Madison County drug overdoses skyrocket in 2020
HUNTSVILLE, Ala. (WAFF) - Drug overdoses in Madison County are projected to be up more than 33%, according to Madison County Coroner Tyler Berryhill.
Berryhill said Madison County usually sees 73 to 75 drug overdoses each year, that’s about one every five days. In 2020, Berryhill said Madison County has had 85 drug overdoses confirmed, so far. But once all the toxicology reports come back, Berryhill said he expects the final death toll to be well over 100.
“When you see these statistics, these are people’s lives,” Berryhill said. “They’re somebody’s son, somebody’s daughter, a brother, a sister, a mom or a dad.”
Mike Woods, a Certified Recovery Support Specialist with Partnership for a Drug-Free Community, said the COVID-19 pandemic only made drug addiction worse for many who are suffering.
“People are not going out as much, if they do they are covering their face a lot of times,” Woods said. “We can hide who we are with some sunglasses and no one might really know how we look that day or from the past few days. So why would I not do more? Why would I not try to hide it if I don’t have to now.”
Berryhill said Fentanyl is the biggest issue, accounting for roughly 75% of the drug overdoses in Madison County.
“It’s so much more potent, so the euphoric effects are so much more effective than other drugs,” Berryhill said. “For example, heroin, fentanyl is 50 to 100 times more effective than that drug.”
Berryhill said fentanyl is also much more dangerous.
“Just a few grains is fatal to the average adult,” Berryhill said.
Woods agrees, he said he sees fentanyl a lot when he’s out in communities.
“Fentanyl is in everything we can think of,” he said. “If they can make it with fentanyl, they’re making it with fentanyl. Whether it’s crack cocaine or crystal meth, it’s been found in all of it. The deadliest substance seems to be going in all of it.”
But, is the pandemic the cause? Berryhill said it’s too early to tell.
“The past few years fentanyl is the drug of choice locally and nationwide,” Berryhill said. “Only time will tell if this year will mimic what we saw last year.”
But, Berryhill did call 2020 a “recipe for disaster.”
“We had people being quarantined,” he said. “It was an experience we have never been through before in our lifetime. There were so many different factors at play, especially stimulus checks, people at home, people not working, people that do have drug habits, you’ve got limited access to drug counselors.”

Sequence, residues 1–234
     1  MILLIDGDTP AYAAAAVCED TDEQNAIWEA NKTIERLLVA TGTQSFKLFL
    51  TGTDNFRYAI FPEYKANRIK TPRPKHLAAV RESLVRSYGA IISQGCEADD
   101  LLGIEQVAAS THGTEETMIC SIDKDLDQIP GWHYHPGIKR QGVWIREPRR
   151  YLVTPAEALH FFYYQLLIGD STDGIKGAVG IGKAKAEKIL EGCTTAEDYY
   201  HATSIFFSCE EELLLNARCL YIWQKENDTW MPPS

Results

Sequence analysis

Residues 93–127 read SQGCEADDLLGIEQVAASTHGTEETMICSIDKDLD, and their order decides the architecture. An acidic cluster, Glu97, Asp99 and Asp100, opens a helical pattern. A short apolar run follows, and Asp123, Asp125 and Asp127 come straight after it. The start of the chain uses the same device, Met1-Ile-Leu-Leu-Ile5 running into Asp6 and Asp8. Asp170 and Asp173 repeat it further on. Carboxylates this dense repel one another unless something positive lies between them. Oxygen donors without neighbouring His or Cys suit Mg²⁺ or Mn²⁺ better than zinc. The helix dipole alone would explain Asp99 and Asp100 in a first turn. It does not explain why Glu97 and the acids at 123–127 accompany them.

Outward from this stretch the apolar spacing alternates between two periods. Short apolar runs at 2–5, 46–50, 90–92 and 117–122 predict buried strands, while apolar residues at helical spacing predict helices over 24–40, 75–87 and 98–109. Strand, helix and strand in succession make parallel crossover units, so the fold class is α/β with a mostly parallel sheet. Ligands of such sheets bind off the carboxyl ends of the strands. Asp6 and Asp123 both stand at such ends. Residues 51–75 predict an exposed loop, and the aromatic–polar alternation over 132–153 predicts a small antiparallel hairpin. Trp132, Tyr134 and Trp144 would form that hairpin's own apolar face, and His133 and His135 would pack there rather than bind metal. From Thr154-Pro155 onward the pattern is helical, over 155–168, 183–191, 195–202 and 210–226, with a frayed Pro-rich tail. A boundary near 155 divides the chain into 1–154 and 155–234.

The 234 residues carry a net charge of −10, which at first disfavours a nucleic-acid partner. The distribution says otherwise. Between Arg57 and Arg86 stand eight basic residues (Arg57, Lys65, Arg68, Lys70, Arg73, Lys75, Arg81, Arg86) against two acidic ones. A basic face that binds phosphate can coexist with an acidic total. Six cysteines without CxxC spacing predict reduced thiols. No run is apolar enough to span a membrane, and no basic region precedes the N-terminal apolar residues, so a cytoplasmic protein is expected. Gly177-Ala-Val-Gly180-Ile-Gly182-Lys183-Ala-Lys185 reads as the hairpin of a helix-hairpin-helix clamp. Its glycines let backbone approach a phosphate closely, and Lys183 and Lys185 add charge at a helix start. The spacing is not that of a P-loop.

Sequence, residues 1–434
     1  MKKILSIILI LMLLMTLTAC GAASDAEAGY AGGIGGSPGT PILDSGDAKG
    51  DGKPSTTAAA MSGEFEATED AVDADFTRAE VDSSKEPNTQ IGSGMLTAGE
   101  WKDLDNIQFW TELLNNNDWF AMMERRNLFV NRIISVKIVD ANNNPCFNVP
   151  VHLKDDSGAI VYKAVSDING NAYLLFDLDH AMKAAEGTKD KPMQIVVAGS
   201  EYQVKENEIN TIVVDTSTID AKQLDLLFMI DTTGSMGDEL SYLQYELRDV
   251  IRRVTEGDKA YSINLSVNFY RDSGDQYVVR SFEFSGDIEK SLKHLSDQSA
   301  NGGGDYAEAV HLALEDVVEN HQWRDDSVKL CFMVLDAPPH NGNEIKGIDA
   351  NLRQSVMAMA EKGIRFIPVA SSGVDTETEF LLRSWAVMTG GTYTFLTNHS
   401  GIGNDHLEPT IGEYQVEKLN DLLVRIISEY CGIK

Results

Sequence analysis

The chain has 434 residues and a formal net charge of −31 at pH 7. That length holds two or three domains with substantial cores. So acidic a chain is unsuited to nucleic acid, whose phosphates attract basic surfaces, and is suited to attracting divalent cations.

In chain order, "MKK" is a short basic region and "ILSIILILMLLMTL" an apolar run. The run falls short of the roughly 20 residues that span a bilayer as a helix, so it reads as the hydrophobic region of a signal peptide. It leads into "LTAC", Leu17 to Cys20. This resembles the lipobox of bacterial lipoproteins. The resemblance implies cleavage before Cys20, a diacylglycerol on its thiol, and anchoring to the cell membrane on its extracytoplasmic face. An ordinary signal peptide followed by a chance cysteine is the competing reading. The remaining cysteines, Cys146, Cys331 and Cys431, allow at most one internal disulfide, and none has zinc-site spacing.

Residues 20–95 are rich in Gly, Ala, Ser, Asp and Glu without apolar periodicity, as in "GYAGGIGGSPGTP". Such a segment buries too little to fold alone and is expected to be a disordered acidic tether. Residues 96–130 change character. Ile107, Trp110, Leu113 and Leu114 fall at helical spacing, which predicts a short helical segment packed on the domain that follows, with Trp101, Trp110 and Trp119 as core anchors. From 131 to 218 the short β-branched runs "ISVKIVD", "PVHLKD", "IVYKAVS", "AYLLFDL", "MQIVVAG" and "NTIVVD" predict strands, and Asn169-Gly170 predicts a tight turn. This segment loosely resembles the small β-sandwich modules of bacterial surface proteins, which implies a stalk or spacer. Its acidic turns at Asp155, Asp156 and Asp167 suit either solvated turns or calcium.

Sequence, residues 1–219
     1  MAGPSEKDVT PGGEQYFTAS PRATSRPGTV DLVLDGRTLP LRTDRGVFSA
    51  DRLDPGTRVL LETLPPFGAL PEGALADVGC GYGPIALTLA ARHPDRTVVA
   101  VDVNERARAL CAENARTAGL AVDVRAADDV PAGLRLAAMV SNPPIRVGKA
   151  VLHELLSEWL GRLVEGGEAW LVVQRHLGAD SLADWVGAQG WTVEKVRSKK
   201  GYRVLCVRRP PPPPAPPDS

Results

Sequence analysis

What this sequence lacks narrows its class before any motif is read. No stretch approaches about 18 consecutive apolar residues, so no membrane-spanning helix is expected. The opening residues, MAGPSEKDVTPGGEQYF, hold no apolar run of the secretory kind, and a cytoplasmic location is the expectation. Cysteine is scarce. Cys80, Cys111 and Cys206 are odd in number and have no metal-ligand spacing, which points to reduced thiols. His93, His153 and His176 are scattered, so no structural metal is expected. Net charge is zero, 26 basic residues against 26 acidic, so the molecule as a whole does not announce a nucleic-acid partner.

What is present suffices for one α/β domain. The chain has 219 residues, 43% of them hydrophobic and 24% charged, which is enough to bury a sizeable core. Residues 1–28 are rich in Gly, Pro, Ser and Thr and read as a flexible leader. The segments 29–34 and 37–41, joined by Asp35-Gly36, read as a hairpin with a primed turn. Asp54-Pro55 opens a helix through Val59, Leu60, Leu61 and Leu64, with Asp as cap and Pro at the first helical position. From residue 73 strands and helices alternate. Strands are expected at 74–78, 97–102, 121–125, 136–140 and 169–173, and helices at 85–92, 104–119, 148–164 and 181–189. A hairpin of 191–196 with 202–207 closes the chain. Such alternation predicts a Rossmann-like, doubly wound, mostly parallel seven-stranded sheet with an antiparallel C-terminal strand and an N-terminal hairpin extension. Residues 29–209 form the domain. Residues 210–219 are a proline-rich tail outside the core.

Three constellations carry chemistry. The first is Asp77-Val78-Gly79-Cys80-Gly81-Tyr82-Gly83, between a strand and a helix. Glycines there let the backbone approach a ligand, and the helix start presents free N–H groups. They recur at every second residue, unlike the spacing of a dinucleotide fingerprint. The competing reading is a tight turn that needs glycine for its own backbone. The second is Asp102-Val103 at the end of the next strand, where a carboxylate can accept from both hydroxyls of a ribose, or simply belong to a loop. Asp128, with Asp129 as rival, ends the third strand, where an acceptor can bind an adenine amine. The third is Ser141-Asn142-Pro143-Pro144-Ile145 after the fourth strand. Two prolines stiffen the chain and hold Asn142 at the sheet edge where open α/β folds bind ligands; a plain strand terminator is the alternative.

Woods adds it’s made especially more difficult when addiction is a “quiet killer.”
“Your family doesn’t want to talk about it,” he said. “Nobody wants to say, ‘Hey, my kids has an addiction or my husband or my wife.’”
Jerry King, the Commander of the North Alabama Drug Task Force, said the Huntsville Police Department is working to investigate these drug over doses.
“We work the overdose deaths, we go out with our homicide investigators and we try and work these overdose deaths,” King said. “And actually are prosecuting some of the drug deals responsible for supplying the drugs to these people who are dying.”
King said they’re also working to shut down entire drug trafficking organizations.
“It’s all about us trying to target the upper echelon of drug trafficking organizations,” King said. “Usually when we do that we see the trickle down effect of that, that it causes in the organizations and we see a disruption and dismantling in the drug flow.”
Part of the work is also connecting people in need with services like Partnership for a Drug-Free Community.
Woods said they have begun working with HPD to get in touch with people who are repeat drug offenders before their situation could get worse.
“Just imagine if we could fund more peers, like me, we could touch that many more people,” Woods said. “If I work with 500 people a year, adding one would be 500 more people.”
You can donate at the Partnership for a Drug-Free Community website. The organization is also planning several fundraisers in the coming months.
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